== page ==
Gluten-Free Cooking For One

Celiac And The Single Girl, Or: How To Make Food That Does Not Suck For One Person {Although I Suppose You Could Feed Other People, Too}


Roasted garlic pizza with white sauce

Last week, I made the pizza crust recipe from “Gluten-Free Artisan Bread in 5 Minutes A Day”, and made two sausage/cheese pizzas. They were delicious!! The book recommends making the crust thinner than I seem to get it, but I’ve always liked deep dish pizza (the end result is something like Bilbo’s Pizza, if you live near Kalamazoo, MI). I put mixed Italian cheeses and parmesan on one pizza, and the other shredded colby and mixed Italian cheeses on the other; and cooked, crumbled sausage on both.



They stood up well to travel this weekend, and I had some more dough in the fridge for tonight — a half recipe from the book made three pizzas (can make up to five, if you roll out the dough thinner). You could make this pizza on any crust, however. And I recommend it, if you like the sweetness of roasted garlic!

I can’t have tomato sauce, but I wanted something on it this time. So I made a white sauce with roasted garlic in it, recipe is from Emeril Lagasse on the Food Network.

First, though, I had to roast the garlic. And I only had pre-peeled garlic, so I used this recipe from The Kitchn:

Roasting the garlic was even easier than roasting garlic still in its skin. I took about 16 garlic cloves and put them in the middle of a piece of tin foil, drizzled some olive oil on them, folded the foil up to cover them, and then put them in the oven in a pan at 350F for about 40 minutes.

Then I made the white sauce, heating 1 cup of milk until it simmered, then removing it from heat and covering. Melted 2 Tbsp of butter, then added 2 Tbsp of flour (I used rice) and thickened it, not letting the flour brown. Once that’s done, add it slowly to the milk, whisking to combine. Add salt, then put in a blender with 10 cloves of garlic, and blend until smooth. Pour into a small bowl and cover with plastic wrap, pressing it onto the surface of the sauce. (I didn’t add the cayenne pepper, because I didn’t want the bite.)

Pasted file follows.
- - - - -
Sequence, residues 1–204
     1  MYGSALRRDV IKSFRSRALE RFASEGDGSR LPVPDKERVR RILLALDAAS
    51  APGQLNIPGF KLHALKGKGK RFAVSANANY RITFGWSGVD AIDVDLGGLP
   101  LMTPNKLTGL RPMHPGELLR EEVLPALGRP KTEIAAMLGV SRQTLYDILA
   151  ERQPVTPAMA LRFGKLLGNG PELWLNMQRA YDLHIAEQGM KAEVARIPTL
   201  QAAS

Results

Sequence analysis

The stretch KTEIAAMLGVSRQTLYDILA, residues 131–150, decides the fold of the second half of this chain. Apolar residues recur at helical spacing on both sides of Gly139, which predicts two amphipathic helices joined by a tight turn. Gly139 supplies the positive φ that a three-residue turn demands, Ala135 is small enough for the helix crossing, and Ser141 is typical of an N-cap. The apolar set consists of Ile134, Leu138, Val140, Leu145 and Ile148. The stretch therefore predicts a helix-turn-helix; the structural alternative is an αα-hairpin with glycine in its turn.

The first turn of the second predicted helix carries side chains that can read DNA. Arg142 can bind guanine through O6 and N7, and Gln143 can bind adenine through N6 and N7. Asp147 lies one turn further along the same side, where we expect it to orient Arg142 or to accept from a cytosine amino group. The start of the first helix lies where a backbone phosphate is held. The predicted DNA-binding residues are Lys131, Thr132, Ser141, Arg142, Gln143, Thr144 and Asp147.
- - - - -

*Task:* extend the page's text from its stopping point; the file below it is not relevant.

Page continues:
It’s pretty yummy.

I rolled out the pizza crust then, covered it with chopped onions and the remaining cloves of roasted garlic, then covered with cheeses and a drizzle of olive oil (I also dribbled on the oil that the garlic roasted in). Notice what I’m missing? OH YEAH. I totally forgot to put the white sauce on the pizza first… I realized I’d forgotten it after I’d slid the pizza off the peel onto the pizza stone in the oven (at 500F). Well, poo.

So I let the pizza cool for a couple minutes after it finished (about 8 minutes) and then, cutting a slice, poured the white sauce over it.

It’s still delicious; but I can’t wait to try it sometime when it’s added properly. lol




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GF Bread That Does Not Suck

So I recently won the book “Gluten-Free Artisan Bread In 5 Minutes”, by Jeff Hertzman and Zoë François, in a contest from Andrew Zimmern’s blog. It arrived in the mail last week, and the recipes looked wonderful; so I made up a half-batch of the All-Purpose Flour Recipe (outlined in the book) and made their Master Bread Recipe. The recipe is also (huzzah!) posted on their website, here:

I won’t reproduce the entire recipe here, but I will say that it’s the best GF bread I’ve had in, oh, FOREVER. I’ve made two small loaves since getting the book, and they’re just lovely: dense but not ridiculously so, with a mouthfeel and flavor reminiscent of “real” bread. I’d forgotten how much I enjoyed the way my teeth used to sink into bread… many GF breads are dry or have very little flavor, but this bread was soft and had a wonderful yeasty robustness to it that I’ve been missing. I could actually spread things on this bread — cold butter, for one — whereas with many GF breads, if you try to spread anything on the slice, all you’ll get is a handful of sticky crumbs. The bread just shreds. Well!! This even stood up to peanut butter!